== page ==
In response to the environmental destruction being wrought by roving bands of illegal pickers the environment ministry announced a complete ban on harvesting Immortelle on the Croatian archipelago in September. However, the protesters on Krk claim the prohibition has proved to be a dead letter in practise.
While local olive oil and wine producers on Krk claim that government inspectors from the labour ministry have this year been particularly zealous in checking that farmers have not been employing undocumented seasonal workers, they claim that in contrast inspectors from the environment ministry have been conspicuous by their absence, leaving them powerless to combat the illegal harvesting of Immortelle on their land.
According to reports by the local regional daily Novi List, members of the local police force on Krk are less than pleased to find themselves called upon to man the frontline in the battle against the illegal foragers, as they feel ill equipped to deal with legal niceties of a growing problem that should by rights be dealt with by inspectors from the environment ministry. Local media report that the police have found themselves caught between irate landowners complaining about criminal trespass and destruction of property, and illegal pickers, many of whom are reportedly either unemployed or retired, who have aggressively defended the opportunity to supplement their meagre incomes by picking Immortelle.
In the last couple of years the price that pickers receive for a kilogram of harvested Immortelle has rocketed from Hrk2.5 to Hrk10 and it is estimated that over 2mn tonnes of Immortelle is picked annually in Croatia. But that figure could come under threat from irresponsible harvesting methods.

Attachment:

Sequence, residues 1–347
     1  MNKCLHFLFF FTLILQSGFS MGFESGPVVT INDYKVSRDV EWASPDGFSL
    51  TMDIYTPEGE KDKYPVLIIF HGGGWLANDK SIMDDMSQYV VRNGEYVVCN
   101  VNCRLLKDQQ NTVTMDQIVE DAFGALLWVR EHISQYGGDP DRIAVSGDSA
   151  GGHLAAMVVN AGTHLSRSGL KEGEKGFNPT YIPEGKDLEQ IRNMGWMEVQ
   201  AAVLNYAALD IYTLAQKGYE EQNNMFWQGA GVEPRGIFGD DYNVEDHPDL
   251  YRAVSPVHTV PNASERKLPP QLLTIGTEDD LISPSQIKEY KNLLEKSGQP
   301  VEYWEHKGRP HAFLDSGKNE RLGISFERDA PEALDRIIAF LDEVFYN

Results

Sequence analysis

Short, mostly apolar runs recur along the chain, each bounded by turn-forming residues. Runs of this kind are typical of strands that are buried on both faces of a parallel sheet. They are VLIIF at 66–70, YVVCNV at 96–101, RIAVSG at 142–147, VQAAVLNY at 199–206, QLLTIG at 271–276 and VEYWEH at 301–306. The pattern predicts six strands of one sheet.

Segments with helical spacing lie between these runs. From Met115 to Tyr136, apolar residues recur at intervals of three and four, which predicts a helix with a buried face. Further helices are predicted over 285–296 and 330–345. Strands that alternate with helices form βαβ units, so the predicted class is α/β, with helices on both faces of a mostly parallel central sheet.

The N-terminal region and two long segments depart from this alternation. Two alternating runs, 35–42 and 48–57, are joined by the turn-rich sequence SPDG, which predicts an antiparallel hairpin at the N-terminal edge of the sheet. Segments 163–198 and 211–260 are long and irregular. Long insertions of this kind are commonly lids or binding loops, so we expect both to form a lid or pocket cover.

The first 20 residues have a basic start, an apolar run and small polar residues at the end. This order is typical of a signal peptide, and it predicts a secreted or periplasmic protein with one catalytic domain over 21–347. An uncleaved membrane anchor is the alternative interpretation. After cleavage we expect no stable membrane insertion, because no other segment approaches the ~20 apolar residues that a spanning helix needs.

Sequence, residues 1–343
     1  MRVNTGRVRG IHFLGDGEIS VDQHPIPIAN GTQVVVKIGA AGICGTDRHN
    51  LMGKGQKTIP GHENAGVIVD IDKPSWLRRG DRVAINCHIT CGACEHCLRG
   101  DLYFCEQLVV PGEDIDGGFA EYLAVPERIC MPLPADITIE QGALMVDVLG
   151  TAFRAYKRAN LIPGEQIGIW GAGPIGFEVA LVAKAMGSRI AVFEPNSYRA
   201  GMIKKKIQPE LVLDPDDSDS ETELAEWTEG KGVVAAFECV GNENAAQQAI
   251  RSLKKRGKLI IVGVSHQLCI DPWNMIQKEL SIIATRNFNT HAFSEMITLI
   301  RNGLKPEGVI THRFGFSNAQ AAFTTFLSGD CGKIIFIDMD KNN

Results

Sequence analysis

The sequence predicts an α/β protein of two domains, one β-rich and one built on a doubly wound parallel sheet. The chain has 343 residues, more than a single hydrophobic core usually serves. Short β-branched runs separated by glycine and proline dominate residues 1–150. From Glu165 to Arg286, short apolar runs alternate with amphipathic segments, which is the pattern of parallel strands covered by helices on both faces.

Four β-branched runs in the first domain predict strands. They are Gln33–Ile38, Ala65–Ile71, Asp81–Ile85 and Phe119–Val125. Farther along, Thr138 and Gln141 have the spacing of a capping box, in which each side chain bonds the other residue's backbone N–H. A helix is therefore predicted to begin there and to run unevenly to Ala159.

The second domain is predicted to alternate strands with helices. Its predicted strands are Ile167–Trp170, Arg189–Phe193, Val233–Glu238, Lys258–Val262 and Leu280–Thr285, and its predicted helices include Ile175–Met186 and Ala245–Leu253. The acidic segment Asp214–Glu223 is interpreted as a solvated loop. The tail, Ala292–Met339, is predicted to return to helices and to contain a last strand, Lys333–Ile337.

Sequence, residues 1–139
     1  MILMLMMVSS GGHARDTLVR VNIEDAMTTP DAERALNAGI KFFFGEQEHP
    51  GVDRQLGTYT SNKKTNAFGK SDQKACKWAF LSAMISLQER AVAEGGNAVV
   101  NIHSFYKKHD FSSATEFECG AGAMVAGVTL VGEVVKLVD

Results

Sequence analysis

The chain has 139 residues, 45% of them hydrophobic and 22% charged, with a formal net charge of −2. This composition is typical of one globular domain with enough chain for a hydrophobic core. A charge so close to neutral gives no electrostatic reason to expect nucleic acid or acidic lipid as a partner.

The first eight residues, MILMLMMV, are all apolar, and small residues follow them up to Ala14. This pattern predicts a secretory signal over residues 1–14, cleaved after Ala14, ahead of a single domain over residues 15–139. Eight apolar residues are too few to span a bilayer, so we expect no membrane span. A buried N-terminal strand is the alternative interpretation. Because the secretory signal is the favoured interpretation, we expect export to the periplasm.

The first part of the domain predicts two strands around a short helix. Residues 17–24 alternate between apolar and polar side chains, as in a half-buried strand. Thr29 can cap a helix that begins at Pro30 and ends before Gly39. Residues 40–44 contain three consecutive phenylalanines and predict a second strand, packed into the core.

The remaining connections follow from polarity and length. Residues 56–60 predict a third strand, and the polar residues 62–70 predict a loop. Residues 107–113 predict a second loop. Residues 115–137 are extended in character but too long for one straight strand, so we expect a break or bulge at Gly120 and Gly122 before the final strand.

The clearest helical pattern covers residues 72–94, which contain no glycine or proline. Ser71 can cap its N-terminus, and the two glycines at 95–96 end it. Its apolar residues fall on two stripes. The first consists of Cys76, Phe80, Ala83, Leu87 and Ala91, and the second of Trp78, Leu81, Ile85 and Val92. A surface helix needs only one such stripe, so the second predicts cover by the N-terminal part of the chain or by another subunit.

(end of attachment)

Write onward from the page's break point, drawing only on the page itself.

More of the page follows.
The battle over the rights and wrongs of the lucrative business represent yet another headache for Environment Minister Mihael Zmajlovic, who since he was appointed two years has been widely criticised for failing to combat environmental abuses in Croatia and for financial profligacy, including leasing expensive cars and moving his ministry into a new, luxury office block development in Zagreb.
While there’s plenty of doom and gloom on Krk about the illegal trade in the country’s natural flora, elsewhere in Croatia there’s hope that the country’s entry into the EU last year might create the opportunity for an increase in the legal trade of commercially cultivated medicinal plants.
At present around 90% of Croatia’s roughly $10mn annual exports of medicinal plants consists of chamomile, which goes principally to Germany and Italy to make herbal teas. But a small band of pioneering companies are producing growing volumes of other plants and herbs such as milk thistle, St John’s Wort, black mallow, lemon balm and cornflowers for export. Given that earnings from such specialised herbs and plants can be over 10 times more lucrative than those for traditional, highly commoditised crops such as maize and wheat, it is hoped that increased production of such flora supported by government incentives could provide an opportunity for Croatia’s financially embattled agricultural sector to compete more effectively on a global level.